The UK market is one of the most regulated gambling markets globally, and as in most other major gambling jurisdictions, responsible gambling is recognised as a critical aspect of regulation, inseparable through design. For the most part, operators are managed through a system of audits and fines.
However, many of the largest operators also flout their own self-proclaimed rules and statements of intent when it comes to responsible gambling, fighting money laundering or simply protecting potentially vulnerable players.
The list of UK operators that have been fined by the Gambling Commission (UKGC) is a lengthy one and includes many of the biggest operators in the country, such as Entain, which received a record-breaking £17m penalty in August 2022.
The list of infringements included serious failures in the group’s social responsibility duties. UKGC said the operator was slow to interact with players who were potentially experiencing gambling harms and cited instances of Entain allowing one player to spend £230,000 with only a single safer gambling interaction. It also allowed self-excluded players to join other Entain sites working under different brands.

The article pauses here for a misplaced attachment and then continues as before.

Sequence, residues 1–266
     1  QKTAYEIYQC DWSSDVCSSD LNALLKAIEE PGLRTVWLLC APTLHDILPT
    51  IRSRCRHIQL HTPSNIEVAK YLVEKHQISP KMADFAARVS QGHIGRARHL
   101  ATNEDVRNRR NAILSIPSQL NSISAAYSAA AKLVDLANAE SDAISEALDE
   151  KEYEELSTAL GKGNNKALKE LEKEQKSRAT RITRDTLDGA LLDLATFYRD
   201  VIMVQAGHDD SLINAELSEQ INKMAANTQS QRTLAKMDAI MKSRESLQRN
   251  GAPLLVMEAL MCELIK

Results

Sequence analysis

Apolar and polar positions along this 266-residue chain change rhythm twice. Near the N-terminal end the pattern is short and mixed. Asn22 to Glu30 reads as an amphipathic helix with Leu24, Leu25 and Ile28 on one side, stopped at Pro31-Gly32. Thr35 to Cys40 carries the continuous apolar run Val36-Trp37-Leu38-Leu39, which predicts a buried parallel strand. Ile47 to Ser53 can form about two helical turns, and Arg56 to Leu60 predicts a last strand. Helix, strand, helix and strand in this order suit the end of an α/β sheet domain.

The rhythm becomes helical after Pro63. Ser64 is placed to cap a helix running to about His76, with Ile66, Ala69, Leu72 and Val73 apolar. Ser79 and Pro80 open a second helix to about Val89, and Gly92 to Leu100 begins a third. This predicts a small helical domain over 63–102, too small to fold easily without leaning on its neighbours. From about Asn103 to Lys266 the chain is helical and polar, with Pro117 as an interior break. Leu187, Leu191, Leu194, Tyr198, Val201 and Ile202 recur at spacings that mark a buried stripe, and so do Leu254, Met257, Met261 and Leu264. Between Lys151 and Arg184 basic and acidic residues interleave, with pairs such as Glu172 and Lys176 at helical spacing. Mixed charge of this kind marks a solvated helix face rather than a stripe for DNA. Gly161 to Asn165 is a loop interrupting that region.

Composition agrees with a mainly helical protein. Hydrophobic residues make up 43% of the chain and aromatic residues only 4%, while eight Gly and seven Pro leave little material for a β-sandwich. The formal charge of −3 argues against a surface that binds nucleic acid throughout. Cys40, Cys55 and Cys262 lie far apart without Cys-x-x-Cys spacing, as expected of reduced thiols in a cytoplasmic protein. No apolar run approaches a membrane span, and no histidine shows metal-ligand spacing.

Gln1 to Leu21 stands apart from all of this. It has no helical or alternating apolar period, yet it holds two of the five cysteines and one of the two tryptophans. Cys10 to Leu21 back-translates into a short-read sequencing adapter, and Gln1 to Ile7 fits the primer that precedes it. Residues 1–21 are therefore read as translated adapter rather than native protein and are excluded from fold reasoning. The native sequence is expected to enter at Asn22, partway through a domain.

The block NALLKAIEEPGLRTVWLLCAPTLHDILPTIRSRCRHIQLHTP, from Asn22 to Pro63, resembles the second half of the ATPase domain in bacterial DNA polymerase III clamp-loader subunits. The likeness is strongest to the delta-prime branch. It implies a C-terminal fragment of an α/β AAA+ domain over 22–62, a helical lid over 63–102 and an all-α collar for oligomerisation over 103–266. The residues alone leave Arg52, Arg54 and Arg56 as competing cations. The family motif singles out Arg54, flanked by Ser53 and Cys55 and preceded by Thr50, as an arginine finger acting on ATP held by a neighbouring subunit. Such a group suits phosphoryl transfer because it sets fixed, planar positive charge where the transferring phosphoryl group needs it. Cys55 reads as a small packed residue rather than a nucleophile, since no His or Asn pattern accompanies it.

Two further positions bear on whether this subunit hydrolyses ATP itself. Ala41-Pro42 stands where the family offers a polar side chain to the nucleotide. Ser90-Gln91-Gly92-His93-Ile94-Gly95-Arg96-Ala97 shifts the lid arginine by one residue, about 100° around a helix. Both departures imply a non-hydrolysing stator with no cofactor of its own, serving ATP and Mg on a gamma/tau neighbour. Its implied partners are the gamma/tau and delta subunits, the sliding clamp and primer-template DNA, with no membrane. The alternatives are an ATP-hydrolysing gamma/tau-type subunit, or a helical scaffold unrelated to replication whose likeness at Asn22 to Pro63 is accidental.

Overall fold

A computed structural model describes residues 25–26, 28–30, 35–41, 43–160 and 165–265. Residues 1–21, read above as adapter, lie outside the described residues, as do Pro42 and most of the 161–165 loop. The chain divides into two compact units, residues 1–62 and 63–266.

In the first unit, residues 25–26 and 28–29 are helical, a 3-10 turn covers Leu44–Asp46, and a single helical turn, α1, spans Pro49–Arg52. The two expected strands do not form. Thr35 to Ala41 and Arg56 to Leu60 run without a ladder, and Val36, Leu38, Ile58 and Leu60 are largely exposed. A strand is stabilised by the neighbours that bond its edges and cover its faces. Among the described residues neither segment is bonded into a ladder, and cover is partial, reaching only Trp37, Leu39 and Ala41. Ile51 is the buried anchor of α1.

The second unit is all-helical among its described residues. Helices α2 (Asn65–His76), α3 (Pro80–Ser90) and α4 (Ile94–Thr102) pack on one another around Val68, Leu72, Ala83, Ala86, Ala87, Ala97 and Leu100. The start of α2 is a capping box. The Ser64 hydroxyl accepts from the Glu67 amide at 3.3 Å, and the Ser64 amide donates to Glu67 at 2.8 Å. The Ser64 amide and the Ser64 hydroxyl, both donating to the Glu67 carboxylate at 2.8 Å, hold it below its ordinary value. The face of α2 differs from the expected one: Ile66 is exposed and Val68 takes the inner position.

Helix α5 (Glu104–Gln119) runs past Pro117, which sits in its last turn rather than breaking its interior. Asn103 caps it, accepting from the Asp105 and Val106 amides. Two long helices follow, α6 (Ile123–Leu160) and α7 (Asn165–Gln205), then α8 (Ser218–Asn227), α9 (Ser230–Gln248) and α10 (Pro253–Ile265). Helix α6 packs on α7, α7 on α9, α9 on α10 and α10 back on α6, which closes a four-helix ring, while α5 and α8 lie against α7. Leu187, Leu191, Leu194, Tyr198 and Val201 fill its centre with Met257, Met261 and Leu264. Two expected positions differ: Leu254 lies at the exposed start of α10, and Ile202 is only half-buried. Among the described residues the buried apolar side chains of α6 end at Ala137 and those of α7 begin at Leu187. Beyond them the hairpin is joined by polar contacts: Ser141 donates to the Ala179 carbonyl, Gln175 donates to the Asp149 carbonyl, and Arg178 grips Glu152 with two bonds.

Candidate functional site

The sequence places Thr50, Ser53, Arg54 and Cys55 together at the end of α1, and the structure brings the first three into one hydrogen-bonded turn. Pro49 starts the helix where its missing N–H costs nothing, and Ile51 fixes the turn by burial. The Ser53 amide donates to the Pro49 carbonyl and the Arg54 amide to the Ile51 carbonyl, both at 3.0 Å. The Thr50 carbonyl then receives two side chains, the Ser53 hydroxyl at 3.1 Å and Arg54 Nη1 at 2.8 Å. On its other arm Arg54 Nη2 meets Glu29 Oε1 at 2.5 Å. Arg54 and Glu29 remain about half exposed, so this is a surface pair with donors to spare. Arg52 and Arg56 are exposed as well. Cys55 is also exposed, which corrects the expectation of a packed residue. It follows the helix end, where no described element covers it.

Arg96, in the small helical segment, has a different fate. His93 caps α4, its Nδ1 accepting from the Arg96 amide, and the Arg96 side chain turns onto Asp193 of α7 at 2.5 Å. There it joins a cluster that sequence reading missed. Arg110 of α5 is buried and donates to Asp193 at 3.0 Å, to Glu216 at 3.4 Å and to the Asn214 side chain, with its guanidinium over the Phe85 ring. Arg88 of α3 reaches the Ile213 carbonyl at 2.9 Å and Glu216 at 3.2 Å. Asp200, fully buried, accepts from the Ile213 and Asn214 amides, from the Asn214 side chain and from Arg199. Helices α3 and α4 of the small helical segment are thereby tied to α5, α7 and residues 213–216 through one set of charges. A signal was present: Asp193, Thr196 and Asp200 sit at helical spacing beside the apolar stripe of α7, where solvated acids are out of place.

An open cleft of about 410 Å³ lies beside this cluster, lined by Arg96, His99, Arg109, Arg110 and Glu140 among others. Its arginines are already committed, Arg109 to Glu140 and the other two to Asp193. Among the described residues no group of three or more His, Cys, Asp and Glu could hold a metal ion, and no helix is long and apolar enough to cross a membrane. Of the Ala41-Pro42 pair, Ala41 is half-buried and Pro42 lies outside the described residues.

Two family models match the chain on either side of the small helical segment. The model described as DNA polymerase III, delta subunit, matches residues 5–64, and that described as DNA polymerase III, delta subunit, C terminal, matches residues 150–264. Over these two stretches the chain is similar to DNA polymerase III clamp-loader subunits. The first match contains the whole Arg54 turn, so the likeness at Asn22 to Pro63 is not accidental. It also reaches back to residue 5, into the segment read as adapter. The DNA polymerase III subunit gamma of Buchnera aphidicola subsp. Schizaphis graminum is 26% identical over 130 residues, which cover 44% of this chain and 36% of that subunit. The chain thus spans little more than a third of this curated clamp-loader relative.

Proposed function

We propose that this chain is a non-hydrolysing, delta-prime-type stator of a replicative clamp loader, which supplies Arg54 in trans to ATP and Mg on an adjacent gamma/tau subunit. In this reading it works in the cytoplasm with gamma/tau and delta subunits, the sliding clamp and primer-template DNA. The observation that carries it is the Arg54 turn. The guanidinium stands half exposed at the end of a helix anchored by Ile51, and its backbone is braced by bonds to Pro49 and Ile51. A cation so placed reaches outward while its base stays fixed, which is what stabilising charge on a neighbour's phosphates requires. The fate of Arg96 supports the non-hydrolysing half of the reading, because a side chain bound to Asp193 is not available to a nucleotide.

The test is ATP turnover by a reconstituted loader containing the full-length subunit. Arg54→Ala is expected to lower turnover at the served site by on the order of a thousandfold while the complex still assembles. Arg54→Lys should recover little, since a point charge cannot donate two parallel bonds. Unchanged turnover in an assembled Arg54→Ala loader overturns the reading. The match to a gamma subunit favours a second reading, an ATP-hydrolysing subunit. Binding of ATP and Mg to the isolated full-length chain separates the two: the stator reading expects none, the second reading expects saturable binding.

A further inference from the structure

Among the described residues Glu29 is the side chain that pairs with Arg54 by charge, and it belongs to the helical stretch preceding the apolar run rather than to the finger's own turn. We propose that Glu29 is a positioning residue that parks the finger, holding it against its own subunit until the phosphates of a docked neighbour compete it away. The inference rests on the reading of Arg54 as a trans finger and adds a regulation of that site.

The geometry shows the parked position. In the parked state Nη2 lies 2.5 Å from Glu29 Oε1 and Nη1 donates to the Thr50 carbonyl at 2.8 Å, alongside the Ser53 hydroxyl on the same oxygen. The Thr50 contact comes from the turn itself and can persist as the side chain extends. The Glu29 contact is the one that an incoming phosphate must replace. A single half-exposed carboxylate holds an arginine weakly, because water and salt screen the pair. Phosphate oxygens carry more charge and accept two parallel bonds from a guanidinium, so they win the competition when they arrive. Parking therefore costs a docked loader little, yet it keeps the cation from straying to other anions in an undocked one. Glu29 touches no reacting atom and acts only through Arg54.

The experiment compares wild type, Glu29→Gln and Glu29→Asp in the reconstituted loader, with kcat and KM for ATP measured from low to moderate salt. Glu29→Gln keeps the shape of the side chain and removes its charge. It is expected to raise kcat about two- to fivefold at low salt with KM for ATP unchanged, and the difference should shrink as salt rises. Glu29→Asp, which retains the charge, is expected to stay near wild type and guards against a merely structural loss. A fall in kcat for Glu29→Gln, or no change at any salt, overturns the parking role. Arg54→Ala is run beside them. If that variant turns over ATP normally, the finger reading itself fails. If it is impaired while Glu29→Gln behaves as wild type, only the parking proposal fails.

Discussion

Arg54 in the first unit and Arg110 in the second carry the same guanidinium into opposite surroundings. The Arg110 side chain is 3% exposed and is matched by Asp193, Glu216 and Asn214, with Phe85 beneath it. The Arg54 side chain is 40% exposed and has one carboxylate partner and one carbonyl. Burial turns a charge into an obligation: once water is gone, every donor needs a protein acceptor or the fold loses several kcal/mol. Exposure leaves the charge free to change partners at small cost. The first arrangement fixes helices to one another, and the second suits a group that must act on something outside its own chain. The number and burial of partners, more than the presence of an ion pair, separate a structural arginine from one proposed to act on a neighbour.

To show how serious it was, the Entain case led the UKGC to state that it would not hesitate to call for the group’s licence to be revoked if similar failings were discovered at the group in the future.
“This is the second time this operator has fallen foul of rules in place to make gambling safer and crime free. They should be aware that we will be monitoring them very carefully and further serious breaches will make the removal of their licence to operate a very real possibility. We expect better and consumers deserve better,” sais UKGC.